The museum’s collections managers oversee the movement of artwork to and from the vaults, and the reorganization of works within those vaults—they know the collections inside and out. Collections manager Celeste Ohta has also worked at the University of Hawai‘i Art Department Art Gallery, the Mayor’s Office on Culture and the Arts and Shangri La: A Museum of Islamic Art, Culture & Design—for 25 years she’s been handling artwork at Honolulu institutions.
With so much knowledge about Hawai‘i’s art, we were especially curious to find out which artwork in the HoMA collection is her favorite. Her answer? The Imperial Korean screens Cranes and Peaches.
“I love the imagery in these screens, I think they’re very beautiful,” says Ohta. “They had previously been quite damaged by insects, so it was sent to Korea for conservation around 2007. If you saw what they looked like before conservation you would understand how much work was done to restore them. Everything depicted in this work carries a great deal of symbolism—the cranes and peaches are both symbols of longevity.”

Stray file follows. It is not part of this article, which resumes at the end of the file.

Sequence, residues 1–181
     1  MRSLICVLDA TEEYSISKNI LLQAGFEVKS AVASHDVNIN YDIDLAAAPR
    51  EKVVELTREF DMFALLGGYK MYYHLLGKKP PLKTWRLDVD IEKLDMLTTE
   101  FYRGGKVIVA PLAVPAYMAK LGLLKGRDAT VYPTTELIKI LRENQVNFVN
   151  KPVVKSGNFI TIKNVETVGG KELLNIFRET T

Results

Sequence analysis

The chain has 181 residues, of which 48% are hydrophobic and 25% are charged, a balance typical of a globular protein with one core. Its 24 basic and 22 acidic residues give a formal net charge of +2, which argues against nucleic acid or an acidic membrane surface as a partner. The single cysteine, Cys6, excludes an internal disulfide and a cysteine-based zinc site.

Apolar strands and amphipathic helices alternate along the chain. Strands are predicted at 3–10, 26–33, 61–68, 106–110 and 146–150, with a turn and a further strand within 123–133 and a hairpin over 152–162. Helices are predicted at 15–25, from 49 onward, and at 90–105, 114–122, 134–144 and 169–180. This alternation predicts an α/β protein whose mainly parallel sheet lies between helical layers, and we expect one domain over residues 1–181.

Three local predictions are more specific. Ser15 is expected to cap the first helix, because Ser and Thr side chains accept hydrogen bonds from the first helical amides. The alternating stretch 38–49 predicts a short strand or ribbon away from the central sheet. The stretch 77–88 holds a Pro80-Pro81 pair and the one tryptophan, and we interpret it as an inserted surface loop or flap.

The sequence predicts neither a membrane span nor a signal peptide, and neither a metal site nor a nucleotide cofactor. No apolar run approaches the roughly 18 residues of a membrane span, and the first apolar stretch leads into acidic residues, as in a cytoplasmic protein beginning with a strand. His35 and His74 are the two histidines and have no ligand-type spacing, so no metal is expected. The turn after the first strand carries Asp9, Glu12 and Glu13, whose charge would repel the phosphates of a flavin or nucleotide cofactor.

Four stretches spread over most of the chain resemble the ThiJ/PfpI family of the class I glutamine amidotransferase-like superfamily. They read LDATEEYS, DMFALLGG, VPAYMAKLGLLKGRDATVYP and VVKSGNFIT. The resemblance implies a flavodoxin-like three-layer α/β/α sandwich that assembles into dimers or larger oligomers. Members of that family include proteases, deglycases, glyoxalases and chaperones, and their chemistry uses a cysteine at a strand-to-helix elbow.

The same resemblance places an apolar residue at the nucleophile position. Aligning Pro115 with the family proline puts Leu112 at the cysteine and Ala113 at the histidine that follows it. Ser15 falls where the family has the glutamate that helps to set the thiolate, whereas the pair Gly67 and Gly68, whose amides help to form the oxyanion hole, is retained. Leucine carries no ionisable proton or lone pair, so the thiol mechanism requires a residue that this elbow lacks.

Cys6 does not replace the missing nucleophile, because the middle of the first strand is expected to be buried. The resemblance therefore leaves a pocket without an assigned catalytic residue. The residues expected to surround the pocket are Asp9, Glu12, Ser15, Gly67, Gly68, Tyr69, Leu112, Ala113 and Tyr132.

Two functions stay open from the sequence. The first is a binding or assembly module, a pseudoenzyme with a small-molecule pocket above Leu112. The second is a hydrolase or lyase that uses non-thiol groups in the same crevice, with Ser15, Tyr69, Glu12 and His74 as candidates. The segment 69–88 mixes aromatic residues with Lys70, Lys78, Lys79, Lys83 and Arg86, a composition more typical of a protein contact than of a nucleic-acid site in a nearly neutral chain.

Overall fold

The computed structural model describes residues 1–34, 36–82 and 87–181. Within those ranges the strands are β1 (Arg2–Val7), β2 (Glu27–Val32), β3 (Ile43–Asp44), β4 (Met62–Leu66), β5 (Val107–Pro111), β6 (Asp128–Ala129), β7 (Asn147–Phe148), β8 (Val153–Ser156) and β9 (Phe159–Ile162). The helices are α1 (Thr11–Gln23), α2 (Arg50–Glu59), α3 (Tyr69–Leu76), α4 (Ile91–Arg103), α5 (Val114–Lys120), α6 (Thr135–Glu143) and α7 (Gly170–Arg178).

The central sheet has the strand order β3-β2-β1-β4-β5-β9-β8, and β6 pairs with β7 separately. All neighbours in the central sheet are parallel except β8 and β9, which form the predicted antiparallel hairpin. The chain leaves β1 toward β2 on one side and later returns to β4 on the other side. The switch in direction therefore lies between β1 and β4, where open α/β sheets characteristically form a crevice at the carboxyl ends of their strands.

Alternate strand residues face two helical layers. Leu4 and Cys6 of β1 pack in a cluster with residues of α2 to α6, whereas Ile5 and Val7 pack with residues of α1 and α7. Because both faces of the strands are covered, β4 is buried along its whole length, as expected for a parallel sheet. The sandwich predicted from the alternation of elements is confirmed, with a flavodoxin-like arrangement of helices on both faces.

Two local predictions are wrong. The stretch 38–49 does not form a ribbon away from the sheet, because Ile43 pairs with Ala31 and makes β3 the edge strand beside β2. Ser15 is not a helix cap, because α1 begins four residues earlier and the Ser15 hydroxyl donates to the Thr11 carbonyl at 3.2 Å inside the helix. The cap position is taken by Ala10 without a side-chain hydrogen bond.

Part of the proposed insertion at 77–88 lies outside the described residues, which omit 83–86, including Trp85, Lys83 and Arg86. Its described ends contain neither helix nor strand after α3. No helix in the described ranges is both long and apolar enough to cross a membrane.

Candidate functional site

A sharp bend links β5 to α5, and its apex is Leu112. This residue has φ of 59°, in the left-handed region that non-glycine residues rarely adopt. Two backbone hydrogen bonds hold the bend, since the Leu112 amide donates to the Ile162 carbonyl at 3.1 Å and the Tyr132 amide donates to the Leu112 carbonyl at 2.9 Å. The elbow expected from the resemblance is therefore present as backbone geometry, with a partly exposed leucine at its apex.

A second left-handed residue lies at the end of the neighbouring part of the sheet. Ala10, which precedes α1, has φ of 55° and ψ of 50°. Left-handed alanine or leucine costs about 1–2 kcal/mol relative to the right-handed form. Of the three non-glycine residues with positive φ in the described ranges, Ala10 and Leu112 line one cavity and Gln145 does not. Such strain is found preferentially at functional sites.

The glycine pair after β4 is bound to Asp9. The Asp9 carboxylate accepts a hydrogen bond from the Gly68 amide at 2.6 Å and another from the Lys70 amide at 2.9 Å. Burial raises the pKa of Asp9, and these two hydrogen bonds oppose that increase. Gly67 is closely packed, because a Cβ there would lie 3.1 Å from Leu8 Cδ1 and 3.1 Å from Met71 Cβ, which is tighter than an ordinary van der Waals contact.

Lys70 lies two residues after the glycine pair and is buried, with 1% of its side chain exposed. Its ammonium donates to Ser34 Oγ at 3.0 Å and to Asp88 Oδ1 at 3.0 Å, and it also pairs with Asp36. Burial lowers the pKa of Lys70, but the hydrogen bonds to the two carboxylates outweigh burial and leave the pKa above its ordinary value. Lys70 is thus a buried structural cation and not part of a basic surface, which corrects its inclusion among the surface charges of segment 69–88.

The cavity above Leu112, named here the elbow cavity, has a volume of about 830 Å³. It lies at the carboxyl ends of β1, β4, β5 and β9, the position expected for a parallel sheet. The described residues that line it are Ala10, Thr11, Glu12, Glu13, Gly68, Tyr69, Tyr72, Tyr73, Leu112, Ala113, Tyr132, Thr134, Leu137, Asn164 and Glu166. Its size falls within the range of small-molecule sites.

Cranes and Peaches is on view at Spalding House in the exhibition HoMA SELECT, through June 25.
Cranes and Peaches (Haehakbandodo).
Korea, Chosŏn dynasty (1392-1910), dated 1842 or 1902.
Pair of six-fold screens; ink, color and gold on silk.